Merida city council passes noise regulations with fines reaching 2 million pesos

Decibel levels, other rules aimed at night clubs and bars, will be published and enforced in 1 month, city says

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Merida’s Centro Historico has gotten noisier in recent years as nightclubs have moved in. Photo: La Jornada Maya

(Updated to reflect details of the anti-noise regulations.)

Merida, Yucatan — Long-awaited noise regulations have been passed by city council, and they will go into effect in one month.

The regulations establish decibel levels, time limits and sound proofing. Fines for violators range from 8,000 to 2 million pesos, with the higher amount reserved for repeat offenders.

The revisions to the Regulation of Environmental Protection and the Ecological Balance of the Municipality will be published in the official city Gazette next month. Such laws have been promised by the city for over a year, and most recently in April.

In a residential area, outdoor noise up to 55 decibels is permitted before 10 p.m. and is limited to 50 decibels after 10. Sixty decibels is the level of conversation in a restaurant or office, or background music, or like hearing an air conditioning unit 100 feet away, according to one summary. At 50, noise is equivalent to “a quiet suburb” and “conversation at home.”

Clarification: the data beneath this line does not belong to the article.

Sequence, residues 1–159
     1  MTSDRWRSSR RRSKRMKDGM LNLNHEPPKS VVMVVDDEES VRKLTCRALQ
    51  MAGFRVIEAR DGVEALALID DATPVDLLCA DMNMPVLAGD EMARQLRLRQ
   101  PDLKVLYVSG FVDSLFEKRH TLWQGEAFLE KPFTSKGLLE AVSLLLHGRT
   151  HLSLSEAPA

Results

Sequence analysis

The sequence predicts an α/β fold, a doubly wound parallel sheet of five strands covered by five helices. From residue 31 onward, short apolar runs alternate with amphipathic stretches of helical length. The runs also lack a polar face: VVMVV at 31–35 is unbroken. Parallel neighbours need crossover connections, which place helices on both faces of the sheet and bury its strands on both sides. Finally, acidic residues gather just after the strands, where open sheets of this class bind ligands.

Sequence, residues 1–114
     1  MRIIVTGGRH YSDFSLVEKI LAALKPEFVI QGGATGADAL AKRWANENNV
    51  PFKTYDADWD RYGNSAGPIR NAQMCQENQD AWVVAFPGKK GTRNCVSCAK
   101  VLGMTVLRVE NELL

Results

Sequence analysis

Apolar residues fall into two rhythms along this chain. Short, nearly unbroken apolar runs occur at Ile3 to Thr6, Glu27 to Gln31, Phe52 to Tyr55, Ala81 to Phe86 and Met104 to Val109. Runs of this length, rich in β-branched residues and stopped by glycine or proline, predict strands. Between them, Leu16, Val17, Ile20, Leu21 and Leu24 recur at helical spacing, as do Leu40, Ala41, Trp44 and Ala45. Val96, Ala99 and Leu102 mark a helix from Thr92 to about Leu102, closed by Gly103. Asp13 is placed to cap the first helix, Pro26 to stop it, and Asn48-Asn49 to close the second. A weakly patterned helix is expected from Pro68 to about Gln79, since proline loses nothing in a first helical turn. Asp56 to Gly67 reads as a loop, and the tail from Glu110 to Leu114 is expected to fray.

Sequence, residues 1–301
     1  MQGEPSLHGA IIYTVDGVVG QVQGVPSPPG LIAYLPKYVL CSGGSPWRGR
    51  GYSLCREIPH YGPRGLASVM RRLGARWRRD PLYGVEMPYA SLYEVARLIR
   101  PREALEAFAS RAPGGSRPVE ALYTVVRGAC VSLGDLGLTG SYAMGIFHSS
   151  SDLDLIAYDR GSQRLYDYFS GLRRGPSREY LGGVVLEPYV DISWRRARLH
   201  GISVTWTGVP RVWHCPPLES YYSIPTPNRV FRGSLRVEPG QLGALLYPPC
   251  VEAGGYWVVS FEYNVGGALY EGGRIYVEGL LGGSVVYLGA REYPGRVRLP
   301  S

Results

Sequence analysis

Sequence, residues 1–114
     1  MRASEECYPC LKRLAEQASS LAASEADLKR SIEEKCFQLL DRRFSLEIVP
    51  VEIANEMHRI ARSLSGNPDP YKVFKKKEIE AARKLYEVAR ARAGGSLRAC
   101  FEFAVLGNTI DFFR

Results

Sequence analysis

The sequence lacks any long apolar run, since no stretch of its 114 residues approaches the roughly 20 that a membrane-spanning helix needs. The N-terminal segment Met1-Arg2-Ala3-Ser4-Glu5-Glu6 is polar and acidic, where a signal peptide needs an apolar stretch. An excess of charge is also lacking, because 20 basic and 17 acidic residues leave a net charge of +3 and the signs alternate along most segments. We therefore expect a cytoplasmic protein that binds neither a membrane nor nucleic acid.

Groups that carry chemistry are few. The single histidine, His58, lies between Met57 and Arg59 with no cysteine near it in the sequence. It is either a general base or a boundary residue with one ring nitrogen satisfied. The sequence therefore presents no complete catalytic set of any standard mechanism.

In industrial and commercial zones, noise is capped at 65 decibels after 10.

The regulations will apply to the entire city, not just the Centro Historico, where noise complaints first became widespread. They apply to restaurants and bars that play either live or recorded music, as well as to business establishments that install loud speakers, facing the sidewalk, to attract attention.

Noise from nightclubs became an issue when more bars started appearing in once-peaceful neighborhoods starting about five years ago. The trend clashed with private homes that sometimes shared walls and fences with busy clubs.

Clubs would often blast music, whether live or recorded, under the open sky, with no attempt to contain the noise. Customers have defended these businesses, saying that anyone living in the Centro shouldn’t expect peace and quiet.

Neighborhood groups as well as business owners were consulted while the bill was being drafted.

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